Singleness isn’t something you often hear talked about from the pulpit. Before now, I don’t think I ever heard a sermon devoted specifically to the topic. Sure, I heard all of those fortune cookie phrases growing up:
“Wait for the one God has for you.”
“You want to get married? Don’t worry. The Lord knows the desires of your heart.”
“Start writing love letters to your future husband now, and one day you can give them to him.”
If you were raised in the evangelical youth culture of the early 2000’s and haven’t gotten married yet, you probably remember when you started to feel gypped by all of those false promises you grew up hearing. As I got older, I began to realize that the “one God has for me” may solely be Himself. I didn’t deny that He knows the desires of my heart, but I began to doubt the premise that He’d give me whatever the ends of those desires were, especially when so many of them were sinful. I wondered why it seemed like everyone everywhere had always assumed that this “future husband” concept was a universal guarantee.
Naturally, when my pastor recently told me he was going to preach on singleness, I felt a combination of fear, relief, hesitance, and precaution. So, when he asked for my input, I sat down and feverishly typed out seventeen thoughts that I thought were important for every married pastor to know about the single life before addressing singles in their bodies. Here are the first 6:
1. Lifelong singleness is a reality for many in the church. Often, it is an undesired reality.
This is especially true among women. According to Christianity Today, there are 2 single Christian men for every 3 single Christian women in America. She who lies in that last third will either remain single for life, marry an unbeliever, or marry a widower/divorcee. Ask any single Christian woman and she knows that this discrepancy is real, especially among missionaries. We’re highly aware of this reality. Yet, we’re also highly aware that God’s sovereign plan is good.
For more statistics on the gender gap, refer here.
2. Though we may face this undesired reality, we are not diseased.
Many feel especially stigmatized as singles in the church. Though singleness may be a trial for us, it does not and should not define us. Trials and seasons of sadness are not a singles’ problem, but a human problem as we live in the tension of the already but not yet. We may have an unfulfilled longing, but we are not deficient. We don’t desire pity, but understanding and acknowledgment.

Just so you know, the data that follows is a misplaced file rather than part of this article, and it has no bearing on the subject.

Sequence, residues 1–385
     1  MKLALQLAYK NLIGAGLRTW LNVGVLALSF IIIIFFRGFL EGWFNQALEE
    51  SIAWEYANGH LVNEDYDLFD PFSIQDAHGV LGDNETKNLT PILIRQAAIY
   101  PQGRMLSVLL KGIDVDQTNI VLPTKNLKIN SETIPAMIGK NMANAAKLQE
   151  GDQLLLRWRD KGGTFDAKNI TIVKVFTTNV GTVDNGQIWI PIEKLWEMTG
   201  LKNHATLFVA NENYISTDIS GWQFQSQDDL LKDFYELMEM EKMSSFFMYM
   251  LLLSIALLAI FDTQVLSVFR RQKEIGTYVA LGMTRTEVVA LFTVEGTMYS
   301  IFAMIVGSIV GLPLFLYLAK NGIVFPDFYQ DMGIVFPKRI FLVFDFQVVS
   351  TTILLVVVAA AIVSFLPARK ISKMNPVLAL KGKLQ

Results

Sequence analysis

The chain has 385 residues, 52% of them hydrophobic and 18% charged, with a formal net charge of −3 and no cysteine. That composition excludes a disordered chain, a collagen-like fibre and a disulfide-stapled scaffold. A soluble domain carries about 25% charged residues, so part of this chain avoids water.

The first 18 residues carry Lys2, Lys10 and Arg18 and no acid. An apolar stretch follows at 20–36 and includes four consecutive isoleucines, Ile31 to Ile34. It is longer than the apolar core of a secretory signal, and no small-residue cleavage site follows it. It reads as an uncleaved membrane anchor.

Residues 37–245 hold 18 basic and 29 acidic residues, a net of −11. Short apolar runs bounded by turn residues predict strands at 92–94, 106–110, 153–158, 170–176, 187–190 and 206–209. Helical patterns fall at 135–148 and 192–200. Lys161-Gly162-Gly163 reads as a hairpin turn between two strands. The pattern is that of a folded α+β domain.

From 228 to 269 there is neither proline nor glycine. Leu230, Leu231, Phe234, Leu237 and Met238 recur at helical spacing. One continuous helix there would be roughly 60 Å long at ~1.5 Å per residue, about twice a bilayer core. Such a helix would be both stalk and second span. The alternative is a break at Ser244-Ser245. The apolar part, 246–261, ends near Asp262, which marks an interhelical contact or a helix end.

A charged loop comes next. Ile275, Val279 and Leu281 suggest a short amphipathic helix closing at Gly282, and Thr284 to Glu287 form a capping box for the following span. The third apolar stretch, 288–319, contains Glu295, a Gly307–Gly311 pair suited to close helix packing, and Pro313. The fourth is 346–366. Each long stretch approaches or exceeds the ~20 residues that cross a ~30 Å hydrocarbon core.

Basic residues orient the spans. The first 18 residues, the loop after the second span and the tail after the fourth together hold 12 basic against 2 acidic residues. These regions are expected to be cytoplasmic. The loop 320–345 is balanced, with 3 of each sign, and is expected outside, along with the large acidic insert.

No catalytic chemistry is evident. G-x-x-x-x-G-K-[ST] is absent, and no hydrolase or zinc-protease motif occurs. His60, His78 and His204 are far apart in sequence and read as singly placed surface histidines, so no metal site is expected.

3. Though the trials of singleness are real, so are the blessings of singleness
We experience closeness in friendships that many married friends do not. We learn to rely on the church in ways we would not have known had we been married. Though not necessarily in the ways that we would’ve chosen, we learn that Christ is truly our greatest reward and sustainer. We have a strong urgency for the redemption of our broken world, knowing that Earthly marriage is not the deepest marriage we are awaiting. We’re excited and ready for the ultimate intimacy, our final unification with Christ in person and in the flesh. Our singleness is not merely a trial but it brings us a greater awareness of who we are in Christ and in the church.
For more on the strengths of singleness, refer here.
4. BOTH marriage and singleness are sanctifying.
In conversations about feeling undervalued as singles in the church, I’ve often heard the rebuttal, “but marriage is sanctifying.” Most singles I know do not devalue marriage. In fact, most long for it. But, marriage may not be a reality for them now or ever. When this statement is said, it feels like spiritual leaders think our singleness is a choice, and even more so a choice against holiness. This thought pattern further leads to the stigmatization of singles.
Yes, marriage is sanctifying in ways that singleness is not. But, so also is singleness sanctifying in ways that marriage is not. I have to learn to intentionally redirect my unfulfilled longings toward Christ himself. I have to learn firsthand what the immanence of God means in my daily life when I come home (as an extrovert) to an empty house. I have to learn what the fullness of Christ means in the midst of earthly emptiness. Singleness, like marriage, is uniquely sanctifying.
6. BOTH marriage AND singleness are hard.
As singles, we don’t have anyone to divide and conquer our daily life responsibilities with. We do the laundry. We cook. We clean. We budget. When the car needs a new battery, we take it to the shop. When the washing machine breaks, we get on ehow and figure out how to fix it. When we need a ride home from the hospital and don’t live near family, we call our own Uber. Believe it or not, your Uber driver isn’t really the knight in shining armor you want to comfort you after a difficult medical procedure. Neither singles nor marrieds have a monopoly on hardship. As any married friend will tell you, marriage comes with its own pains, challenges, and lessons. But singleness, likewise, brings with it unique wisdom through difficulty. As marrieds or singles, we should never discount each other’s life struggles.
7. Sanctification is not a means to the ends of marriage.
I’ve heard pastors attempt to include singles in their marriage sermons by encouraging them to cultivate Godly virtues for their future spouses. But the truth is, we don’t seek holiness for the ends of any Earthly partner, but for the holy God himself. Marriage isn’t the necessitated reward for holy living. Our sanctification is not the means to anything but the glory of God himself.